BridgeBuilders WORK

Mr. Lee and Ms. Busse

Mom and Dad. That’s what the students, and our staff, like to call them.

One of the more unique aspects of BridgeBuilders is our training team. While the BridgeBuilders WORK program takes many moving parts to be successful, none are more important than William Lee and Julie Busse.

mrleeTogether William and Julie provide life skills training and support for many people who have rarely or never seen encouragement or support. Mr. Lee and Ms. Busse are unique, however, in how they perfectly complement one another.

Mr. Lee provides tough love. Without sacrificing encouragement, he tells students what they need to hear, messages to challenge them, to push them to achieve more than they’ve ever achieved.

His Army background apparent, Mr. Lee commands the respect of the room. But he’s not just a drill sergeant. He has developed a unique curriculum exclusive to BridgeBuilders, which teaches students the relationships vital to their lives: with God, self, others, and creation.

familyIn a near perfect complement, Ms. Busse takes a nurturing role with her students. Her background in special education perfectly suits her to provide the nurturing support students need. The vital needs of encouragement and support are met through Ms. Busse’s teaching and demeanor.

Together, Mr. Lee and Ms. Busse provide the opposite, yet complementary, needs of the students in our program: both the discipline and the encouragement, and together they are helping build a strong, holistic, successful life skills and vocational training course.

FAQ: What is an Ally?


Today’s FAQ Blog is about Allies. As a part of BridgeBuilders WORK Life Skills and Employment Training, each student is paired with an ally to be an encouragement through the process. Laura Fechner, the director of our ally program, is helping us answer a few questions… What is an ally? An ally is an adult who walks alongside an employment training student for 4-5 weeks, to encourage and support them in this new endeavor in their life.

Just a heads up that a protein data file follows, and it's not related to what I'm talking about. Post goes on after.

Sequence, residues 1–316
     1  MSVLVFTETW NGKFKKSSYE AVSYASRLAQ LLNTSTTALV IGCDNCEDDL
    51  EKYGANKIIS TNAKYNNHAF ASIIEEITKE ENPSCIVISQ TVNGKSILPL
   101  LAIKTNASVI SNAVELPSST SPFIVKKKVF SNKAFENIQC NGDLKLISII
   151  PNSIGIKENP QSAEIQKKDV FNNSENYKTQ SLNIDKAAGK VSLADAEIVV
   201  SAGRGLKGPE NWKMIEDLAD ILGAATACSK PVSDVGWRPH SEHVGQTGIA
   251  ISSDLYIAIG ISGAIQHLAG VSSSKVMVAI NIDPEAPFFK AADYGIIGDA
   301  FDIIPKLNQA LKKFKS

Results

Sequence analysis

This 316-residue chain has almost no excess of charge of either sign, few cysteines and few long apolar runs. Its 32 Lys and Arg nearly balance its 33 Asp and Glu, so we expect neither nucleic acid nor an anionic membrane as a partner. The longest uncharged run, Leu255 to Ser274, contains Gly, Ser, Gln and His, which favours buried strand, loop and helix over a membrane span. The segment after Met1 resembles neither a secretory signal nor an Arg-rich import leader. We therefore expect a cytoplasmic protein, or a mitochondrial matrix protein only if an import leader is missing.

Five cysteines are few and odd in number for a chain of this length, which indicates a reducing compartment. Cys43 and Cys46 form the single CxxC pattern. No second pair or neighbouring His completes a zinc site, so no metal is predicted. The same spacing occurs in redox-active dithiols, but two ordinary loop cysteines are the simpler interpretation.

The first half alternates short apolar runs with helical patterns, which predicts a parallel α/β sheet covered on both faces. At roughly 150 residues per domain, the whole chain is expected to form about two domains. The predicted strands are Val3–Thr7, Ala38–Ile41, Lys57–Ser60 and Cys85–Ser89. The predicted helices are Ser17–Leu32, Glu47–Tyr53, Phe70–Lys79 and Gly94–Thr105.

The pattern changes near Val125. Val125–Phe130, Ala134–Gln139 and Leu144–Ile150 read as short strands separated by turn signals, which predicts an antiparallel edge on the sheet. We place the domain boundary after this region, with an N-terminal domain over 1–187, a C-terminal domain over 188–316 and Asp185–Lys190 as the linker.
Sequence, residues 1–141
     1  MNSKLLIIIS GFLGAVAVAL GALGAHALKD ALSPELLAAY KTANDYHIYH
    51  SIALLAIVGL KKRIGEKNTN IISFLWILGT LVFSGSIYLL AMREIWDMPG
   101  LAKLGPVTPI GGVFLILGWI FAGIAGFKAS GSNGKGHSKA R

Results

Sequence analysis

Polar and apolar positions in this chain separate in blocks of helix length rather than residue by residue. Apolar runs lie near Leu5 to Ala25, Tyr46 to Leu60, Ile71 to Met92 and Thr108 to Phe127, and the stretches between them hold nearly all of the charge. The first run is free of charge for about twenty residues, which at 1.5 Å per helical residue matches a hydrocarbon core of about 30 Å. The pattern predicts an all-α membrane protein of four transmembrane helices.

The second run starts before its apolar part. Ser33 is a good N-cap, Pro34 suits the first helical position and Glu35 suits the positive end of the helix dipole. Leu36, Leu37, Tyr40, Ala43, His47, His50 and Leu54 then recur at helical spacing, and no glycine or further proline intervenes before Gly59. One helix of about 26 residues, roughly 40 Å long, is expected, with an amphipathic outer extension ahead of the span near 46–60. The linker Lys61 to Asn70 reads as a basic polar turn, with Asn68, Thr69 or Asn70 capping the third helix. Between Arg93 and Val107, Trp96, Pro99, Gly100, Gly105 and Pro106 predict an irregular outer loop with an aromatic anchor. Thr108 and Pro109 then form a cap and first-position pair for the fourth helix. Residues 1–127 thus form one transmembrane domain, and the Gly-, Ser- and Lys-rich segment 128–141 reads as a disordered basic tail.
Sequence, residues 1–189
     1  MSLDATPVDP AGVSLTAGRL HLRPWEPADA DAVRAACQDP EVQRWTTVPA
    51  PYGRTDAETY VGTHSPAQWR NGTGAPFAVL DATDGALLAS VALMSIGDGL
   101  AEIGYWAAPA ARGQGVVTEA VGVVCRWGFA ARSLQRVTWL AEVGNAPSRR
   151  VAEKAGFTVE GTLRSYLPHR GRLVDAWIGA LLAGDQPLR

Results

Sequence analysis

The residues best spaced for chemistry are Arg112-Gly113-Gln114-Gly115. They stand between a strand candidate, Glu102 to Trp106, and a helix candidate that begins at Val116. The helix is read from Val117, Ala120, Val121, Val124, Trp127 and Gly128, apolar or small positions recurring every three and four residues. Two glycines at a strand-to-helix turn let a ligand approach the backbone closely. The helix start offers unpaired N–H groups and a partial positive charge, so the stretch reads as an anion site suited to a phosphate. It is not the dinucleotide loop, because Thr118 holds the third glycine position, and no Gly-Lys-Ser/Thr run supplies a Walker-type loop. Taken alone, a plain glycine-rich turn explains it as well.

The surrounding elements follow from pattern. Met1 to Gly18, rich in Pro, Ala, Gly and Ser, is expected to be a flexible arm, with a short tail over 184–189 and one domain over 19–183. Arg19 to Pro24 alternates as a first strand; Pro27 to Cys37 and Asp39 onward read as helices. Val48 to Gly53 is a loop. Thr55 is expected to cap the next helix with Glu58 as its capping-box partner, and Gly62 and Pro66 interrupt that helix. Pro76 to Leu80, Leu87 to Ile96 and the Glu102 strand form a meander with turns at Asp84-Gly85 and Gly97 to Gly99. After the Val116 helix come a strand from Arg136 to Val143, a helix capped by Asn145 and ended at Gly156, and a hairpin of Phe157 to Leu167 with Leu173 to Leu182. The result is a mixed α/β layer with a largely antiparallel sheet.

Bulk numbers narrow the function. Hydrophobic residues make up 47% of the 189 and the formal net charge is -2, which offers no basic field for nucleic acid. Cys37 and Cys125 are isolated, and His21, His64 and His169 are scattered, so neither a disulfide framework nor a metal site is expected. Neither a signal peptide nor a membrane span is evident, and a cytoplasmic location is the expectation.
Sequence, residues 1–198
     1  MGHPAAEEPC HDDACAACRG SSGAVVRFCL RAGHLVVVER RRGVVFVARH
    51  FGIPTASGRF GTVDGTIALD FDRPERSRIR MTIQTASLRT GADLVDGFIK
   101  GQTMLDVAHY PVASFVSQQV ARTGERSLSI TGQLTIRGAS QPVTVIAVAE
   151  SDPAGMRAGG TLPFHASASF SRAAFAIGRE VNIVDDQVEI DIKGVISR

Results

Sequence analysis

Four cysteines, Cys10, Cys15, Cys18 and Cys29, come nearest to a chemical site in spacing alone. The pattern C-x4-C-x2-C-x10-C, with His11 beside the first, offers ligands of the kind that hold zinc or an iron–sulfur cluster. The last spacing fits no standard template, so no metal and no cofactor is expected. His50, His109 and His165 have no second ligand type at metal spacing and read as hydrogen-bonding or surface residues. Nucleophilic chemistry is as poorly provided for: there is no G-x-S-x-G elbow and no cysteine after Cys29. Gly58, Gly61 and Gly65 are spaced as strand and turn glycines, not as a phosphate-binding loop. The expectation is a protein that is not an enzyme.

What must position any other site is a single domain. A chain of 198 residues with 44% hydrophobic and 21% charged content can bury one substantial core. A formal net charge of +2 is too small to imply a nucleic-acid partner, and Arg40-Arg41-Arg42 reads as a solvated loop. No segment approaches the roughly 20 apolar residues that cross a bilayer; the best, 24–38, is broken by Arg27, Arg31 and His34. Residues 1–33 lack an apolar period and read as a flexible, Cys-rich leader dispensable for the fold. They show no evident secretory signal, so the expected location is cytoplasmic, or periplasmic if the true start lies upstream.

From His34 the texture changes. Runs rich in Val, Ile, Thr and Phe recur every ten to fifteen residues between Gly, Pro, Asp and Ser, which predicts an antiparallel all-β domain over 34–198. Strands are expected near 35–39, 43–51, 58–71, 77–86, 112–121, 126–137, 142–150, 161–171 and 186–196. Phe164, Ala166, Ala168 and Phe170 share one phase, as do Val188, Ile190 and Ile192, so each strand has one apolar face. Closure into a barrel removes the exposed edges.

Valentino&KenWhat are the expectations of an ally? To meet with their student weekly for lunch, to form a friendship with them during that time. The desire and hope is that it becomes a lasting friendship that goes beyond the five-week training course. Also, allies should plan to attend volunteer orientation and the student’s graduation.

We also require allies to be like-minded in their beliefs with BridgeBuilders, because ultimately through this process we want to see these students find a relationship with the Lord. What do you say to the person who is nervous about becoming an ally? If you can befriend someone who is different than you and has a different lifestyle in a different culture, then you can be an ally. It’s simply walking alongside someone, in order to be an encourager.

Alice&AngelaTell me what an ally is NOT… An ally is not an evangelist, an ally is not a financial resource, an ally is not a professional counselor, and an ally is not a pastor. An ally is simply a friend and encourager.

What does this commitment entail? A new ally will attend a 90-minute volunteer orientation on the third Saturday of a month. After that you’ll be matched with a student in one of our classes according to a list of criteria on the application. For example, we match men with men, women with women, maybe we’ll match you based on shared characteristics like children or age, just so there is some sort of common bond.

After being matched, you would come to our West Dallas offices Monday, Tuesday, Thursday, or Friday for an hour to have lunch once a week during the five-week course. If you come on a Tuesday or Thursday, BridgeBuilders provides lunch, otherwise you would need to bring lunch for both of you, or take your ally out to eat. On the last Friday of their curriculum you will definitely want to attend the graduation.